Pope Benedict XVI was misunderstood throughout his life and ministry, Cardinal Mario Grech wrote in an essay this week in the Vatican newspaper.

Writing in the Jan. 17 Italian edition of L’Osservatore Romano, Grech said Benedict XVI “often remained a misunderstood voice. And this has been a constant in Joseph Ratzinger’s life, theology, and papacy.”

Grech is secretary general of the Synod of Bishops and the chief organizer of the Catholic Church’s Synod on Synodality, currently in progress.

The Maltese cardinal compared Joseph Ratzinger — the future Pope Benedict XVI — to the clown in a famous story of the philosopher Kierkegaard: When a clown tried to sound the alarm that a dangerous fire had broken out in the circus and threatened the town if not extinguished, the townspeople did not take the clown seriously but laughed at what they thought were only his attempts to get them to come to the circus.

Grech pointed out that Professor Joseph Ratzinger, as the young theologian was known then, opened his 1968 book “Introduction to Christianity” with this same story, comparing the experience of Christian believers of the day to the experience of the misunderstood clown.

“Although Ratzinger never said so explicitly, I glimpse an identification, or at least a similarity, indeed, between the story of the clown and the personal story of the Bavarian theologian pope,” the cardinal said.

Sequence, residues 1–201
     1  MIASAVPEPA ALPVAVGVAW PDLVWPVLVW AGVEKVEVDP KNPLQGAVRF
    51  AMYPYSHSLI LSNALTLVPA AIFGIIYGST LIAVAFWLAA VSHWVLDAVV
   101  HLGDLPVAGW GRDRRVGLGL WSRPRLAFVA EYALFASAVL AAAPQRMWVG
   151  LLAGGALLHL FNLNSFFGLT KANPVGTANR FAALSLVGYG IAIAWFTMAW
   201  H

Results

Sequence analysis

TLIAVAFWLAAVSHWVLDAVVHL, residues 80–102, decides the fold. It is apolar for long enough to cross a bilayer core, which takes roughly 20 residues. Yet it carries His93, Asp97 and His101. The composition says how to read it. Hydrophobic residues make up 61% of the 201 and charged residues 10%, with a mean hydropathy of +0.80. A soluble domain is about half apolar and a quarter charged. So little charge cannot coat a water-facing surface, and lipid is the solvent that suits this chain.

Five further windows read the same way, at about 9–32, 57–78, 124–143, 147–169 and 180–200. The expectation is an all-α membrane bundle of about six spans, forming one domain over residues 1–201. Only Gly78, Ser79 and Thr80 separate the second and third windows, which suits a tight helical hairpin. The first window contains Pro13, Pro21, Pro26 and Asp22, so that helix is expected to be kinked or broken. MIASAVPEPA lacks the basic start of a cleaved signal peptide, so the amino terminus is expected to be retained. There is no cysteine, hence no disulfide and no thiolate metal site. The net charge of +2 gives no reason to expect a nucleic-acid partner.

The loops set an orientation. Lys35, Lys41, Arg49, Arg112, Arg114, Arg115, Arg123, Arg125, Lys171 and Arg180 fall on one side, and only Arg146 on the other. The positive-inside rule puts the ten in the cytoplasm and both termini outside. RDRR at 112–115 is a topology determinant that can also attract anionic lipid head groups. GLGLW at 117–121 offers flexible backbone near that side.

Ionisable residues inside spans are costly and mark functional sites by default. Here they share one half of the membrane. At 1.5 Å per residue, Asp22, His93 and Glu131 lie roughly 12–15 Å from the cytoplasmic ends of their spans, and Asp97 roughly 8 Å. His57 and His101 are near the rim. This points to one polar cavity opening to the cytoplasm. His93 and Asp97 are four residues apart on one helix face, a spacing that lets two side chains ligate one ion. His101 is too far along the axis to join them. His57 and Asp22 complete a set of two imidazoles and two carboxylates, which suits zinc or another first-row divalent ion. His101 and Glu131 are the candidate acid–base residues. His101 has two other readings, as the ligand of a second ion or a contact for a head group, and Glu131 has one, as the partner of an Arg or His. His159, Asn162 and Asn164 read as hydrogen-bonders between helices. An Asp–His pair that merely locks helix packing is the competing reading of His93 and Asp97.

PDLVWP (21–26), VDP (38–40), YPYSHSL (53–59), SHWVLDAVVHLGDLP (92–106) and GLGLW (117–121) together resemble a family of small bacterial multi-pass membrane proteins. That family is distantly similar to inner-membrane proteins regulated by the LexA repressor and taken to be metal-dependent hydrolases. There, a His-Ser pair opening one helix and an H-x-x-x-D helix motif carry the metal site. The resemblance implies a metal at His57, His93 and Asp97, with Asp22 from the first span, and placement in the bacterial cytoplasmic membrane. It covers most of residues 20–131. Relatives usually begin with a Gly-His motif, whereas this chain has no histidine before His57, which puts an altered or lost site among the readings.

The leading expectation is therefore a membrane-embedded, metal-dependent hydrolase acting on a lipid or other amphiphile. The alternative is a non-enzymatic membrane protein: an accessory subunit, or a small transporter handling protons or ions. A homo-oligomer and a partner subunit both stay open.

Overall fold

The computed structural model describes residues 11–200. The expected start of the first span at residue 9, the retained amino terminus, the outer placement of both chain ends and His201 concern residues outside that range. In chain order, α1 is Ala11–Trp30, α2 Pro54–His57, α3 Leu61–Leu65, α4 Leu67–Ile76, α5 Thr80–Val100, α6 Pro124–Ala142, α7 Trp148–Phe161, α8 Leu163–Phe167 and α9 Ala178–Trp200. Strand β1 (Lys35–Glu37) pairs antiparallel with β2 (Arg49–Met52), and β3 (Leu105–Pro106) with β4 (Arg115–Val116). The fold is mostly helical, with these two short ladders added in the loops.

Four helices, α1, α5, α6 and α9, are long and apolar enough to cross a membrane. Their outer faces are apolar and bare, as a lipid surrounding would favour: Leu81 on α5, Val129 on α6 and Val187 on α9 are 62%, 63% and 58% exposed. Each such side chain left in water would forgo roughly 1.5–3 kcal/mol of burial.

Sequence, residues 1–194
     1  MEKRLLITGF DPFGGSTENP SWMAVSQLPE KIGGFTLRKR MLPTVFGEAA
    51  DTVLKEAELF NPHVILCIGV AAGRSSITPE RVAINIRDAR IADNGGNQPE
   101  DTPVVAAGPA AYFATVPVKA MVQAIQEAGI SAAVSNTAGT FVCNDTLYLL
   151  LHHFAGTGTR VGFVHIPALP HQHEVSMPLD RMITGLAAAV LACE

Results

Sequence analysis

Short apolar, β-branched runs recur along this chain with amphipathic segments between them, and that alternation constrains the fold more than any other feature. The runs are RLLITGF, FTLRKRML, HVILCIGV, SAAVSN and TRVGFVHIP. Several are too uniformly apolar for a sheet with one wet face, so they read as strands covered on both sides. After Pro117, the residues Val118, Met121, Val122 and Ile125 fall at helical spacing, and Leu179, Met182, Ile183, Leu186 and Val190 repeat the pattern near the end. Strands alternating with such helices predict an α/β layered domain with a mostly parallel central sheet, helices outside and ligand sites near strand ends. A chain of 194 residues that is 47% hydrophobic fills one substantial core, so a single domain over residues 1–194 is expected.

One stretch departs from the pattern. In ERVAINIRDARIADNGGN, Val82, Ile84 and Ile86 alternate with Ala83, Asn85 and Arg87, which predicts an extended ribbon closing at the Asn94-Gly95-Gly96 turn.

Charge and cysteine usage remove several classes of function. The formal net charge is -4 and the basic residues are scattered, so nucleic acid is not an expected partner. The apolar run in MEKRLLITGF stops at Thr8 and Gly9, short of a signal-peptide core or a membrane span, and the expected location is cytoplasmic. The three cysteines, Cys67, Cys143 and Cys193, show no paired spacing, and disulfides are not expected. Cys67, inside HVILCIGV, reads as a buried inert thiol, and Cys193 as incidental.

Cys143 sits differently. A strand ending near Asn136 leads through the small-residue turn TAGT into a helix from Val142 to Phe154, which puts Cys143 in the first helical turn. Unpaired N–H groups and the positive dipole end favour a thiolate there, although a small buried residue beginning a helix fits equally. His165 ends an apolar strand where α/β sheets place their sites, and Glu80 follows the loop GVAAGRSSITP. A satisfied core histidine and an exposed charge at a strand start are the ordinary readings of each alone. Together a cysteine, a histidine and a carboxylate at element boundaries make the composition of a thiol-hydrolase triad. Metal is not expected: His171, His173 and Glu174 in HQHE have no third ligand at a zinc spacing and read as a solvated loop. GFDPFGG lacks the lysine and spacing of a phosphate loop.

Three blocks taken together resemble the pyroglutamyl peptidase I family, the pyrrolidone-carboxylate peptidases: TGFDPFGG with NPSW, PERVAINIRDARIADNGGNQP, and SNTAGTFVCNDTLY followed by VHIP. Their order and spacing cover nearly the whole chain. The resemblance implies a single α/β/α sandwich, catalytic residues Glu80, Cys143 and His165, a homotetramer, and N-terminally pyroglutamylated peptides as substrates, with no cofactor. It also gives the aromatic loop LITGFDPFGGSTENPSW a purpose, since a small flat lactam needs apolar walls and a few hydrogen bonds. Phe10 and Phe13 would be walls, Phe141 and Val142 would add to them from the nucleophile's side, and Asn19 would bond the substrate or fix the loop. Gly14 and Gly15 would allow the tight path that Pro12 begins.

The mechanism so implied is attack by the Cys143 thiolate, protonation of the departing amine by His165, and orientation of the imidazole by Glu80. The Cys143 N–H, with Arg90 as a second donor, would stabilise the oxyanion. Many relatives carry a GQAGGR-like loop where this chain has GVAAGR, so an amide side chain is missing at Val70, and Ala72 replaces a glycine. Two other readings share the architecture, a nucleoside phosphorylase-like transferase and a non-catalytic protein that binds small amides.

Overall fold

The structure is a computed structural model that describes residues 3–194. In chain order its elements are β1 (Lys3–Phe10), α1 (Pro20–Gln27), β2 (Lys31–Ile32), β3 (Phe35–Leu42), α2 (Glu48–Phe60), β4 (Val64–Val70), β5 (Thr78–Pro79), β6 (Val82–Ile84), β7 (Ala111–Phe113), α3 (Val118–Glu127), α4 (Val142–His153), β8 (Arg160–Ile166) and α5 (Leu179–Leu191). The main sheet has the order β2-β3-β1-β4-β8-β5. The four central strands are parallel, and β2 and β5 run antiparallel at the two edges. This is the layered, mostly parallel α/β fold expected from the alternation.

Ratzinger and his family were not understood when they resisted Nazi Germany, Grech said. Nor was Ratzinger the theologian understood when, in the period after the Second Vatican Council, he questioned whether certain proposed reforms were for the good of the Church — losing friends and positions along the way.

Grech said Cardinal Ratzinger was misunderstood in Rome, too, where, as prefect of the Congregation for the Doctrine of the Faith, he had a reputation of being rigid and inflexible.

“Ratzinger was not understood even when he resigned [as pope],” the cardinal continued. “His figure and memory are sometimes used and politicized to create an antagonism between Pope Benedict and Pope Francis.”

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“These few examples clearly show how incomprehension was a constant factor in the life and mission of this man,” he said.

Ratzinger, therefore, had two choices before him, Grech said: To continue to search for the truth, that is for Jesus Christ himself, with the risk of not being understood by the contemporary world; or to compromise with the truth and no longer be seen as the clown in Kierkegaard’s story.

“For Ratzinger, the answer was obvious. He was never willing to compromise with the truth, to cease searching for the truth, whatever the cost,” Grech underlined.

In his search for the truth, Pope Benedict XVI was not seeking philosophical concepts but Jesus Christ, the Maltese cardinal said.

“It was his love for this God, his encounter with Jesus, that guided his whole life,” Grech said. “In fact, as he used to say, ‘at the beginning of being a Christian there is not an ethical decision or a great idea, but the encounter with an event, with a Person, who gives life a new horizon and thereby the decisive direction’ (Deus caritas est, 1). This Person is Jesus Christ.”